Industry

For employers in the non-profiled population, industry information in LEED is based on information provided by the registrant to the Australian Business Register. This is usually completed at the time of registration and may not be updated.

For employers in the profiled population, industry is based on information collected by the ABS. Industry is determined through the profiling process for each major activity in which a business operates and is recorded at the type of activity level. Profiling information is back and forward-cast in BLADE, and this impacts on the industry information in this release, however, industry data for previous financial years in LEED has not been revised.

Main job

In this release, the main job held by a person is the job in which they received the highest employment income. This differs from ABS household surveys, which define a person's main job as the job in which the most hours are usually worked.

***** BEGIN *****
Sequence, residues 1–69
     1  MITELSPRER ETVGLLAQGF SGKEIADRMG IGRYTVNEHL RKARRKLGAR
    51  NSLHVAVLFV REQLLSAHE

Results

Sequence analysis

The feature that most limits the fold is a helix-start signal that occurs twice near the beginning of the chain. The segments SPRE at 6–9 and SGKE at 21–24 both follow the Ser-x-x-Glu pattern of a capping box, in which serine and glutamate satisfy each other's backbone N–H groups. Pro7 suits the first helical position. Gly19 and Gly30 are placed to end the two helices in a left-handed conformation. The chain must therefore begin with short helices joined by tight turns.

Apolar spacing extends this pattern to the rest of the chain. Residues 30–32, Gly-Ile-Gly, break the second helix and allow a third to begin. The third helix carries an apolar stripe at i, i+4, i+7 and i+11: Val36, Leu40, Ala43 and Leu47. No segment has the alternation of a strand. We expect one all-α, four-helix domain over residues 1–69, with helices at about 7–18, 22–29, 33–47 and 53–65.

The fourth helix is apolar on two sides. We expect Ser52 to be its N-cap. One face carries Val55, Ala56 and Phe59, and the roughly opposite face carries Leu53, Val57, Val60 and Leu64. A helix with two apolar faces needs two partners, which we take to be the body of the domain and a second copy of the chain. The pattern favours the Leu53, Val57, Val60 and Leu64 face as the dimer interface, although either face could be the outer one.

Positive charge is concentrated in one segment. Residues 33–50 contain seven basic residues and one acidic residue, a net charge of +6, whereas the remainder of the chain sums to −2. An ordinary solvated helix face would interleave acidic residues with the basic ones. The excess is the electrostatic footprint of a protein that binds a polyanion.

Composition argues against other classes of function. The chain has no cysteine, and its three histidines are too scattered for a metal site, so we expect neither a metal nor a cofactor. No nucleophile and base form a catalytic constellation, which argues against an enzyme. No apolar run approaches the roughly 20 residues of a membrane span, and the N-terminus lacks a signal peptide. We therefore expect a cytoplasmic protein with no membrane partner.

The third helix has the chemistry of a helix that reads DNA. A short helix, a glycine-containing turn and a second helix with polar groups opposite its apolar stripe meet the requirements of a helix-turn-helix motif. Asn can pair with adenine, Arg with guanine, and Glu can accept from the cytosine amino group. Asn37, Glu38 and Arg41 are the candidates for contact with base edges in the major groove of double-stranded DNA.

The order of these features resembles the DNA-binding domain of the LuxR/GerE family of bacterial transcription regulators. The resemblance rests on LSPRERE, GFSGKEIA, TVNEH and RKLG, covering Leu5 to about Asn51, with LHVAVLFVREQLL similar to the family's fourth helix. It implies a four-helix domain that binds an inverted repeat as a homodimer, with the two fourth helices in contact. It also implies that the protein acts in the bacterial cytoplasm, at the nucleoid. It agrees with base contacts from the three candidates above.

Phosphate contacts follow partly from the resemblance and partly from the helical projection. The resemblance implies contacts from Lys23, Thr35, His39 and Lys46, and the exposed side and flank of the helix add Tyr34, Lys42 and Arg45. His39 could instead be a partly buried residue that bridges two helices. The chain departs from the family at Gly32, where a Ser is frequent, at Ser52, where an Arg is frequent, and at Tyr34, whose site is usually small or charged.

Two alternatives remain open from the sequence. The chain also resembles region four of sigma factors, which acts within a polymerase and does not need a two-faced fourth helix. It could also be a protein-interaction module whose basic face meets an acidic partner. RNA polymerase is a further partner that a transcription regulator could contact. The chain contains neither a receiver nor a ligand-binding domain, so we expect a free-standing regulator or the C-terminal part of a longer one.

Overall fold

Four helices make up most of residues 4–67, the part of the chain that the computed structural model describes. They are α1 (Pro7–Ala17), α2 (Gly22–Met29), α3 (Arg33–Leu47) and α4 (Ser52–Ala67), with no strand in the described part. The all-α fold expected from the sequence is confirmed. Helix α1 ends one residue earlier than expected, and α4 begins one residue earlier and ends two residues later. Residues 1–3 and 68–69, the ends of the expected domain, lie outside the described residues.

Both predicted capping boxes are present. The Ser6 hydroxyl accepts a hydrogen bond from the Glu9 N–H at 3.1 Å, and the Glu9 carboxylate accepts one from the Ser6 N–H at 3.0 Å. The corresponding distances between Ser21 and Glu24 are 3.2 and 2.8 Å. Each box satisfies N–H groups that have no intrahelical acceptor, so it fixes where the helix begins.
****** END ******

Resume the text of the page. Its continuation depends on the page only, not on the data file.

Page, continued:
Multiple job holders and concurrent jobs

Multiple job holders are persons who have two or more concurrent jobs at any point during the financial year. Due to data limitations, concurrency cannot be determined for self-employment jobs and they have been excluded from concurrent job counts. 

The tendency for employees who leave a job during the year to be retained in pay systems until the end of the financial year results in some jobs being incorrectly identified as concurrent.

Occupation